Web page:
Monday, 11 June 2012

11th June 1812: William Cartwright's brother writes to the West Riding authorities asking for help

Wakefield June 11—1812

Gentm—/

I take the liberty of laying before you the situation of my Brother William Cartwright of Rawfolds and earnestly soliciting for him your protection

I need not state to you the Circumstances or result of the Attack upon his Mill by the Luddites two months ago presuming they will be fresh in your recollection—But the situation which that occurrence has placed him is most melancholy—The fatigue of watching every night in a cold mill for more than three months; sinks into insignificance, when compared with the misery of constant alarm and dread of assassination, which these deluded people announce by threatening letters, and openly speak of as certain even tho’ distant, and that no lapse of time will protect him. The murder of Mr Horsfall confirms all this and the inverteracy of the lower orders thro the country, excited by his successful resistance and continued defiance compels him to believe it—Courage and caution in this case are almost equally [unavailing]—The complete seclusion he is obliged to observe will make it obvious his business must be neglected—in fact it is not in his power to look to it—To the fear of death he is obliged to add that of approaching ruin, and sees his Children around him entirely unprovided for—He was completely ruined 12 months ago by the embarrassments arising from the dispute with America, and tho happily reestablished by the assistance of his friends all his hopes are blasted—The expenses of fortifying his Mill—The damage done in the attack and the hourly charge attendant in maintaining a sufficient force to protect it amount to a Sum far beyond the profits of any moderate trade—His continued defence is proved necessary by secret intelligence he has received, that the Luddites are resolved to destroy him & his mill by an overwhelming force now in preparation, “cost what it may to the party”—A proof (if one were wanting) of the Audacity of these people offer’d it self during my stay with him last week. A party of about 9 or 10 assembled within 200 yards of his house at ten o'clock in the Morning to fire at a mark—I may be permitted to add that his successful resistance has in all probability stemmed the torrent of devastation as no attack on any other place of consequence has since been made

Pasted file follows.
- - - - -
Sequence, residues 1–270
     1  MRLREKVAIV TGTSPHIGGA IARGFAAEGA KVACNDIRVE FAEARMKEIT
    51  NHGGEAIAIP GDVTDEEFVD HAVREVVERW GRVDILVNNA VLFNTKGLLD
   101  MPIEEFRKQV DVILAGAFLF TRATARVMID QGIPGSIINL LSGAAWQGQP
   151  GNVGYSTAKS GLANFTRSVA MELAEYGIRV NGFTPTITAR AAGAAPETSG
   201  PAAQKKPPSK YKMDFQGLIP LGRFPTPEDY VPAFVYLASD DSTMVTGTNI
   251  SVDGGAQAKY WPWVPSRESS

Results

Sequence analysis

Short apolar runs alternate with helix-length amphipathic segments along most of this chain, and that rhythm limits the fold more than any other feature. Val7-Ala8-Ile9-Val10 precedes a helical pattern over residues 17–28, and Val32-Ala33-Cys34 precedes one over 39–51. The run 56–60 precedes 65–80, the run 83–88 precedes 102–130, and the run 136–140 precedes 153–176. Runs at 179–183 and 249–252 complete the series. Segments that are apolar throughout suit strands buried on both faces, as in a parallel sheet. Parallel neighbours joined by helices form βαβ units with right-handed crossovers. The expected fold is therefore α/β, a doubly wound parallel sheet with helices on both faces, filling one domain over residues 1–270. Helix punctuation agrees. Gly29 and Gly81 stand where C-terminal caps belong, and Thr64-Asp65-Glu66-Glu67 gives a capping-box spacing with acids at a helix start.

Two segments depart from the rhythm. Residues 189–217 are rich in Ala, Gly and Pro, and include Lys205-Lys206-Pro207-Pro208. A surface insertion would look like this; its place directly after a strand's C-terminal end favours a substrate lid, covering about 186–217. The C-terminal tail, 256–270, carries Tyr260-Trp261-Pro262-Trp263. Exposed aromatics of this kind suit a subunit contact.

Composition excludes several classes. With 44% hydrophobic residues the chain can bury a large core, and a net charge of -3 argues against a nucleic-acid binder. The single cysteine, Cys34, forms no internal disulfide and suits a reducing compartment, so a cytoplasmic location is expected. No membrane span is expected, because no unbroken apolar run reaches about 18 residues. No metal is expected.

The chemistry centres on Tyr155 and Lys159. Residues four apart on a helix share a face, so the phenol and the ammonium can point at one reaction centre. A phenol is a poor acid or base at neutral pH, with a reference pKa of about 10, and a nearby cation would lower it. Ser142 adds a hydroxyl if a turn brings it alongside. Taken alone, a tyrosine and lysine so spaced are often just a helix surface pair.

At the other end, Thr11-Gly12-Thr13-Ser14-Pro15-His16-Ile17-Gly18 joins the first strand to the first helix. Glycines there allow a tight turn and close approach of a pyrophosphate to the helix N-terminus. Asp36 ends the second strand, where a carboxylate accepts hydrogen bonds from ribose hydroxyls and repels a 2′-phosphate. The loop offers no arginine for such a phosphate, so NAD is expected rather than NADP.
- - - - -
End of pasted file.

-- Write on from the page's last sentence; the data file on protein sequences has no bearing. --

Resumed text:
If these circumstances appear to you to give him any claim on the protection of the public I entreat with a brothers feelings that you wou’d condescend to take some steps in his behalf

I beg you will accept my apology for obtruding my self on your notice and that the defects of this representation drawn up in haste may be excused

I have[etc]
John Cartwright

To the five Lieutt & Deputy Lieuts & Magistrates of the West riding of York assembled at the Court house
Wakefield—

This letter can be found at HO 40/1/1.

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